As a player, he led the University of Tennessee football team to an undefeated season and nearly won the Heisman Trophy, the college game’s highest individual honor. After a brief career in professional football, he became a college coach and won a national championship at the University of Pittsburgh. He then returned as the head coach at the University of Tennesseee and brought his alma mater back to national prominence.
Lynchburg native Johnny Majors celebrated his 78th birthday last week (May 21) — and the Tennessee State Library and Archives (TSLA) wants to mark the occasion by making Tennesseans aware of the vast collection of materials the library has available for public inspection that document Majors’ career.
The John T. Majors Papers cover the period of Majors’ life from 1952 through 1995. The collection includes newspaper clippings, scrapbooks, letters to and from fans, notebooks and playbooks, scouting and game reports, photographs and slides, media guides, and audio and video cassettes. The items donated by Majors provide a unique perspective into his career as a player, coach and athletic director.
TSLA is currently working on an addition to the collection, including Majors’ personal calendars from 1968 through 1996, which will be ready later this year. With the addition, the entire collection fills more than 50 record storage boxes in the archives.
“I am sure many Tennessee football fans are not aware that the State Library and Archives has these valuable records documenting the life of one of the college’s legendary coaches,” Secretary of State Tre Hargett said. “These are records that are available for anyone to inspect, free of charge. This is just one example of the many interesting historical collections available at the State Library and Archives.”
The collection is available for inspection during TSLA’s normal operating hours, which are 8 a.m. until 4:30 p.m., Tuesdays through Saturdays, with the exception of state holidays.
TSLA’s building is located at 403 Seventh Avenue North, directly west of the State Capitol building in downtown Nashville. A limited amount of parking for patrons is available around the building.
Majors was a single-wing tailback and punter at Tennessee who finished second to Notre Dame’s Paul Hornung in the 1956 Heisman Trophy balloting. Majors was named the Southeastern Conference player of the year in 1955 and 1956. His No. 45 jersey is the eighth in school history to be retired.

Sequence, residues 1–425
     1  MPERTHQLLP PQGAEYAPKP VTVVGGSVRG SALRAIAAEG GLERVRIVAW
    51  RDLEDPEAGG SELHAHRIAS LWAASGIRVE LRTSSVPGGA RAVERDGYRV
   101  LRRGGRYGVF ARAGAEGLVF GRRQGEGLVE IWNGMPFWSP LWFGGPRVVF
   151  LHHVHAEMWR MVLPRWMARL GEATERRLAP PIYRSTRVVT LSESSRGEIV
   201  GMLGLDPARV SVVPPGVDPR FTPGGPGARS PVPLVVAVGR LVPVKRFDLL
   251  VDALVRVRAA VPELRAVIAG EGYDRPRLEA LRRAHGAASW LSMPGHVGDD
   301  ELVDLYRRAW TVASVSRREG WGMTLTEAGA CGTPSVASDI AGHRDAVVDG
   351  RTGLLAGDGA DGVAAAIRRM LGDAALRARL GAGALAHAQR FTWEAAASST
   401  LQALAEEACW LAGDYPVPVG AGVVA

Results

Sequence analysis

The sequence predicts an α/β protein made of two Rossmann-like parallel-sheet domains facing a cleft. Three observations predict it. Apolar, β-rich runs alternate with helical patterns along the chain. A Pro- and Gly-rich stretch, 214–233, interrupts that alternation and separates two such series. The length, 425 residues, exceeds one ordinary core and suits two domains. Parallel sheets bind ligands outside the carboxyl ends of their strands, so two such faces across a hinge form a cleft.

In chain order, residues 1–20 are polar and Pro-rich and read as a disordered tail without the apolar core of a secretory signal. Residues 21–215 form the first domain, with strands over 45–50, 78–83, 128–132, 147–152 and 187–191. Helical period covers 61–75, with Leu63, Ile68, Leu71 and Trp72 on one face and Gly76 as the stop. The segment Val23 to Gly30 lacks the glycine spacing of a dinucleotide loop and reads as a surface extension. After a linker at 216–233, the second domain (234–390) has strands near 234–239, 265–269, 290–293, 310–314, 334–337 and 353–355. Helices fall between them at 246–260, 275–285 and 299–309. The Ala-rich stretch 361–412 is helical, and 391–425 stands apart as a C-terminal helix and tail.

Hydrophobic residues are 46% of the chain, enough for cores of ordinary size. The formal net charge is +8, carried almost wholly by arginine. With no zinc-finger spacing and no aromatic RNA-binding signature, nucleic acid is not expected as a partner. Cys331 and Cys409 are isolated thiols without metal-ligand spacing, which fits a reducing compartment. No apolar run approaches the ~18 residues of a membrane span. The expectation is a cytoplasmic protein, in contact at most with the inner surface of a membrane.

Majors was inducted into the College Football Hall of Fame in 1987.
A brief synopsis of portions of Majors’ career is available in a TSLA online exhibit at: http://www.tn.gov/tsla/exhibits/majors/exhibit_majors.htm.
The Johnny Majors File
1935 — May 21, born to Shirley Inman and John Elizabeth Bobo Majors in Lynchburg, Tennessee
1941-1950 — Educated in Lynchburg elementary and secondary public schools.
1950 — Moved with family to Huntland, Tennessee
1953 — Graduated from Huntland High School
1957 — Graduated from the University of Tennessee at Knoxville
1957 — June-September, played with the Montreal Alouettes in the Canadian Football League
1957-1959 — Student and, later, assistant football coach at the University of Tennessee
1958 — June 27, married Mary Lynn Barnwell, daughter of C. H. and Esther Barnwell of Chattanooga
1960-1963 — Assistant football coach at Mississippi State University
1964-1967 — Assistant football coach at University of Arkansas
1968-1972 — Head football coach at Iowa State University
1973-1976 — Head football coach at University of Pittsburgh
1977-1992 — Head football coach at University of Tennessee
1993-1996 — Head football coach at University of Pittsburgh
1997-Present — Director of Athletics and Special Assistant to the Chancellor at University of Pittsburgh